We Chinese can do anything to survive and during that era of a bullying drug peddling British Empire, the only way to do so was to study English. We learn from our enemies and be willing to bear great humiliation and subsequently outpower and outperform them. This has been the strategy of Emperor Liu Bang of the Han Dynasty (200BC to ~200 AD) in dealing with the Xiong Nu barbarians to the Northwest, and so it is now.

And yes this is coming from a Singaporean, in case you are wondering.

[...] The Worldview of Lee Kuan Yew ( [...]

February 12, 2013 at 19:34

No one – except PAP politicians – will claim Singapore is a democracy.

February 11, 2013 at 14:05

The malays would finish Harry Lee Kuan Yew off.

February 11, 2013 at 13:47

 "Salute to Lee Kwan Yew!"

Salute this racist crackpot? No

February 11, 2013 at 13:46

Michael Barr on the backward and racist views of Harry Lee Kuan Yew:

Harry Lee Kuan Yew: Race, Culture and Genes 


…This article has described in detail the character of Lee Kuan Yew's racial views 
substantially using his own words as evidence.
After a lifetime of being circumspect 
on the question of race, Lee has finally spoken openly, revealing himself as 
doctrinaire racist.
Yet it would be a mistake to condemn Lee as a hard line racist in 
every sense of the word. Such a characterisation of his views would be a distortion of 
both his logic and his natural disposition.

There can be no doubt that Lee is a racist in 
the sense that he believes that some races and some ethnically-based cultures are 
inherently superior to others.

His own words leave no doubt about this assertion, 
though it should be recognised that this in itself hardly makes him remarkable in Asia…


February 9, 2013 at 22:54

kim's uncle

well said :)

February 9, 2013 at 13:53

"So labelling Singapore not real democracy is overkill."

It's just the facts. Singapore is a one party dictatorship under the control of Lee family and his peranakan clique.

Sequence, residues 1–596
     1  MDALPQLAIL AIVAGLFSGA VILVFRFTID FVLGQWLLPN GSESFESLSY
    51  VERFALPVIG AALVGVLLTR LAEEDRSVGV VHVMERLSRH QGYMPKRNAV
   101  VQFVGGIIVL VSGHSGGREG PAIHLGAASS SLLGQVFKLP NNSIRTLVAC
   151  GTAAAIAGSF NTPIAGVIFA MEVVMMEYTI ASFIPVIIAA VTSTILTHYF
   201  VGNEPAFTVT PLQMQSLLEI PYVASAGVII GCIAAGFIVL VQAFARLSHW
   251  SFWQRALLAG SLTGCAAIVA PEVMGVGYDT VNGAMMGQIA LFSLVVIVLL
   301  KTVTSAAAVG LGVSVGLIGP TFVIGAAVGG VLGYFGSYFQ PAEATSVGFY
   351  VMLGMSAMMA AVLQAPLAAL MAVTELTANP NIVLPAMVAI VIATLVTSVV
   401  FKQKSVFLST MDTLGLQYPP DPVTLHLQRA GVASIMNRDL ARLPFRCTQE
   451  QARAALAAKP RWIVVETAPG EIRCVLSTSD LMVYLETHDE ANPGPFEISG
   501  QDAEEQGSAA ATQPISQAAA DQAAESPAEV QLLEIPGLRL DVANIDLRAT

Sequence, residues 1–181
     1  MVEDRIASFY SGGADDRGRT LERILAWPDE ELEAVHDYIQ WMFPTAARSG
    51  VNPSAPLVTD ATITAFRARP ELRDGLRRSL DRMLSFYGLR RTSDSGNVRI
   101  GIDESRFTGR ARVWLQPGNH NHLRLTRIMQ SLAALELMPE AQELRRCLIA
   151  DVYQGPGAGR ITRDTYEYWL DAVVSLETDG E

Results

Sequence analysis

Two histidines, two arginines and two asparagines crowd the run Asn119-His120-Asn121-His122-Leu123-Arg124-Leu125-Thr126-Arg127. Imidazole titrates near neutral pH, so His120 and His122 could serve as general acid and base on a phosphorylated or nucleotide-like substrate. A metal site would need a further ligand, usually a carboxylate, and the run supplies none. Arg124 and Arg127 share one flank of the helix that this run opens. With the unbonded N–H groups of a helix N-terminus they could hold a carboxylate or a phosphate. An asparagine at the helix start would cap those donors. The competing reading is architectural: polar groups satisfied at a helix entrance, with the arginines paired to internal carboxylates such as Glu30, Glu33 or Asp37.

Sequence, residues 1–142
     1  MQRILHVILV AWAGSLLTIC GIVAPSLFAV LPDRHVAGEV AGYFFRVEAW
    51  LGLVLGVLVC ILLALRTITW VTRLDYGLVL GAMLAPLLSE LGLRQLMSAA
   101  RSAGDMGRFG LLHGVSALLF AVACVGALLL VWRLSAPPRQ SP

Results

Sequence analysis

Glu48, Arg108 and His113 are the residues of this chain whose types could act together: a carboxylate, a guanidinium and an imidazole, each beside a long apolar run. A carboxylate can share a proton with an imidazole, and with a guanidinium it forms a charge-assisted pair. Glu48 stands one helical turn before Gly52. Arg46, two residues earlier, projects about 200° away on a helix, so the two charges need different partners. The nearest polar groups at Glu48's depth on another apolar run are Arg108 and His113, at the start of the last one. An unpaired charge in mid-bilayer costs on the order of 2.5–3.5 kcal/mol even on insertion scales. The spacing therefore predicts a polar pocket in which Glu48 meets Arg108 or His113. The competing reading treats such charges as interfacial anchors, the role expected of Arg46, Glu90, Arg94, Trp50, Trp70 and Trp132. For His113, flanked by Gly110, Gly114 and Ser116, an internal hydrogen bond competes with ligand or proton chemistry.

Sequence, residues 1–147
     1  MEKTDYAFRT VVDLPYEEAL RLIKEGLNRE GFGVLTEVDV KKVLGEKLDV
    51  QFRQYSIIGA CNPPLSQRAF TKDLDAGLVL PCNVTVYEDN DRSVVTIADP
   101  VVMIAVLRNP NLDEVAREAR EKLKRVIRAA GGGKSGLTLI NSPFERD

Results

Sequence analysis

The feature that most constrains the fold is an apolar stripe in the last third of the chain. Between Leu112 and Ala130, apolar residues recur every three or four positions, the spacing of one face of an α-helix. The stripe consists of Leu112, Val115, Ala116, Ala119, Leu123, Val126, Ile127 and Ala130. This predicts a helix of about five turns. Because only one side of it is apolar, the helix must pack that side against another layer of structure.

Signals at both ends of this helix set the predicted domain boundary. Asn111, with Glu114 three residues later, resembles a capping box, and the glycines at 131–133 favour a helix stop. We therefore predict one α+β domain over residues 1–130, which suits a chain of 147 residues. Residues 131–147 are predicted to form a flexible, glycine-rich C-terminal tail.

It's not overkill. Don't harbour illusions about Singapore. 

Zhang Jun-lin
February 9, 2013 at 07:20

Whether you like him or not because of his style of politics and governing, Singapore is the best ever leader of a developing country, a visionary, a socially responsible leader, a man who cares for the future of his small country bereft of resources bar human beings. People of neighbouring developing countries are craving for such a leader! Alas, there is none so far ………. ! Salute to Lee Kwan Yew!

February 9, 2013 at 06:35

Uncle Kim,you are exactly liek LKY,bring out the worst and compare to Singapore,that is why in his whole life,LKY only compared Singapore to Bangladish and Africa,or the Phillipno for their maids,an example,to voters,if you dont follow my policy,your mother an sisters will have to work as maids like the Philippines,HaHaha,of course Ang Mohs (The whites) like him because he does not give them economic problems and help to enrich their MNCs,unlike commies but do watch up that commis are getting their inspiration from him,Chairman Xi sent a big delegation to Singapore after taking office on how to get support without democracy,this is going to be the challenge to th Ang Moh Yanks who go around the world claiming that democracy is the ONE!Chairman Xi still wants to prove that it is not with support from Lee KY.

Kim's Uncle
February 9, 2013 at 03:28

Love him or dislike him, the results speak for themselves! Singapore is neither a crappy commie dictatorship or an economic backwater. Under his leadership little Singapore is a 1st world country compare to the mess the commies made everywhere else !

February 9, 2013 at 01:23

Really, all peranakan? Where is the proof besides a silly comment.  Lee Kuan Yew had the support of one critical part of the sinkeh community, the business community and heads of clan associations. 

Share your thoughts

Your Name
Your Email
required, but not published
Your Comment

Sign up for our weekly newsletter
The Diplomat Brief